weather lured me, in common with thousands of other Londoners, out of the Tube and back on to my bicycle. It's been great, and I can't yet bear to go back underground. Tube travel is a bore at best; going by bike is endlessly interesting. Stuck underground one nourishes dreams of escape. Up above, you begin to relish living in this town all over again. Were it not for the fumes.
The level of exhaust pollution in London is a scandal. We on bikes do not need Department of the Environment air quality alerts to tell us that, stuck behind a bus, lorry or taxi, we are being rapidly poisoned: the belching fumes are plain to see, the symptoms are palpable. Yet almost as big a scandal as the pollution is the fact that, despite a succession of deadly smogs this summer, nothing is being done to beat it.
The Government wrings its hands, issues alerts, urges people not to use cars unless necessary and generally gives a convincing display of impotence, the subtext of which is, buzz off, we're busy.
Opponents of the Government demand a radical change in the way we lead our lives. The Labour Party talks in visionary terms about a moratorium on road-building and a shift back to public transport. Friends of the Earth wants to restrict the number of cars coming into the centre of town.
But neither the Government's hand-wringing nor its opponents' vision thing offers any help in my present need: which is to do something about the black smoke, the millions of deadly particles, the carcinogenic benzene and all the other nasty things I am sucking in with every yard I pedal.
Yet there is a simple solution, one which does not require new laws or new powers, which does not demand the transformation of transport policy nor that we trade in our cars for bus passes. It would not be controversial and would be immediately effective. The answer is, simply, to enforce the law.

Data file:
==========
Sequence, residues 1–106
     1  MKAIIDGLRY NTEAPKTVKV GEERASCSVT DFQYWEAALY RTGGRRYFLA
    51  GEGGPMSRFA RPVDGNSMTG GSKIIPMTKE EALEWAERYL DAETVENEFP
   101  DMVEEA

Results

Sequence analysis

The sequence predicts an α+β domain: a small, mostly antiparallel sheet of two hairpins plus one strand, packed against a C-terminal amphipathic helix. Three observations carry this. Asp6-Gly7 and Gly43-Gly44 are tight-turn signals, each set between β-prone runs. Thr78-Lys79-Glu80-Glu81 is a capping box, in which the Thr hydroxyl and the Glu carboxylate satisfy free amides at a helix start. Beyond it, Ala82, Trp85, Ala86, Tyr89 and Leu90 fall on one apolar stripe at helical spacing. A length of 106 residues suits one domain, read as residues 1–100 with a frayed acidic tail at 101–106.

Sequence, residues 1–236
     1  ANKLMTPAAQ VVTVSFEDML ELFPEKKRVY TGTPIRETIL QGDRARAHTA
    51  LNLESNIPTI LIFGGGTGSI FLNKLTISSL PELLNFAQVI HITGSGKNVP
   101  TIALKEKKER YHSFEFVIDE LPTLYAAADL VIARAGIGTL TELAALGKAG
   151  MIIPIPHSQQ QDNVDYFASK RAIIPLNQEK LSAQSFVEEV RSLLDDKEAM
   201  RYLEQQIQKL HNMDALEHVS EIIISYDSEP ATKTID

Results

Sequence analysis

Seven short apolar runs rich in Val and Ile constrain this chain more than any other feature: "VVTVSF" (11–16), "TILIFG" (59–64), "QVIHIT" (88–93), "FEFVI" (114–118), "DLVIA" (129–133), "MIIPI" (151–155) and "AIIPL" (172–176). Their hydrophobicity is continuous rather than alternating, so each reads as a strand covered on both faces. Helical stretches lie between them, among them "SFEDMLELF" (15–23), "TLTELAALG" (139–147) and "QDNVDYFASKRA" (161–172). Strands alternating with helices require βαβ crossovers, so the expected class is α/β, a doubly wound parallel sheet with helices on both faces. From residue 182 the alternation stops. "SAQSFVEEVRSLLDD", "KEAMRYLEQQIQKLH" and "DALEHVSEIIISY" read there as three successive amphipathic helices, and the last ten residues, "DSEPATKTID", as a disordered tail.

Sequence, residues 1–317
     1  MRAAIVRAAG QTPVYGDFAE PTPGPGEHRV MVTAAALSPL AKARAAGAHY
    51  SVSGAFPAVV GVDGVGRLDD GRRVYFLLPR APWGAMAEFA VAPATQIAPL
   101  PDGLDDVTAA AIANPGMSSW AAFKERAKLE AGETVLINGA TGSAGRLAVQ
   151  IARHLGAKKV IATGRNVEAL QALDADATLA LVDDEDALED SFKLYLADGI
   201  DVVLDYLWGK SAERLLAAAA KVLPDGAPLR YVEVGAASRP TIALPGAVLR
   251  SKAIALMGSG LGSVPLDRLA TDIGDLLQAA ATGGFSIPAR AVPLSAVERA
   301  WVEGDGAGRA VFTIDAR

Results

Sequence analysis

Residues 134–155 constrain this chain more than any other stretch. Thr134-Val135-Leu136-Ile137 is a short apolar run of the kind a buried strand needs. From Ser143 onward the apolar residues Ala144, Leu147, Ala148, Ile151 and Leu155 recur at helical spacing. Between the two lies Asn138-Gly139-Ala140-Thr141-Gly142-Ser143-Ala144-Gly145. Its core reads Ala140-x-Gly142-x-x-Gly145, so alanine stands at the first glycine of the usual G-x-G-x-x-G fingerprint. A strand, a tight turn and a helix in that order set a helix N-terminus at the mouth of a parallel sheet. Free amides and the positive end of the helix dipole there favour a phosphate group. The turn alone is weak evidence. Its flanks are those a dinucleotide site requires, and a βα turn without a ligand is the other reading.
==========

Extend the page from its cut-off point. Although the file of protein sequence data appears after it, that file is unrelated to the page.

The permitted emission levels of vehicles are governed by European directives, and it is the law of the land that our vehicles abide by them. It is one of the things checked in the MoT test, and buses and lorries are similarly checked during their annual roadworthiness test. Every year the police randomly pull a number of buses and lorries to the side of the road for what they call 'roadside enforcement.
The way to improve the quality of air in London overnight is to make 'roadside enforcement not simply an exercise in the amassing of meaningless statistics, but the spearhead of a purposeful, targeted campaign to force drivers and operating companies to clean up their vehicles' engines.
Immense resources of manpower are expended on keeping London's streets neat and tidy, ensuring that no double yellow line is defaced by the presence of a car, that no vehicle on a meter outstays its welcome, and so on. We are accustomed, and more or less inured, to all this fussing and nannying - so much so that it may be hard to grasp that on a scale of absolute significance, the observance of parking regulations is a petty matter. If they were completely unenforced, life would carry on. Look at Milan or Rome.
But while hundreds of traffic wardens busy themselves with their trivial tasks, the antiquated, smoke-belching buses, the filthy taxis, lorries and company vans, private cars and disintegrating Nissan Sunny minicabs which are poisoning the city's air and condemning more and more Londoners to hospital treatment for respiratory conditions, go completely unchecked.
The inversion of priorities is crazy. It's like living in a household where table manners are rigidly enforced, but no one pays any attention to what goes on in the kitchen. Everything is spick and span, but unfortunately the mad cook is lacing all the dishes with arsenic and lead and mercury.
Unlike parking, the checking of emissions is a job that requires the involvement of the police. In fact, they are doing it already: around 13,000 cars nationwide were inspected for roadworthiness in the past year.
The Transport Research Laboratory is investigating a number of hand-held emission-testing devices. Once it has found one it is happy with, it would be no more complicated or controversial for the police to haul a filthy vehicle in to the kerb and bust its driver for polluting the air than to breath-test
a suspected drunk. Where commercial vehicles are involved, large exemplary fines, suitably publicised, would prompt operators to clean up their act in a hurry.
The only mystery is why such an obvious policy has not been initiated already.
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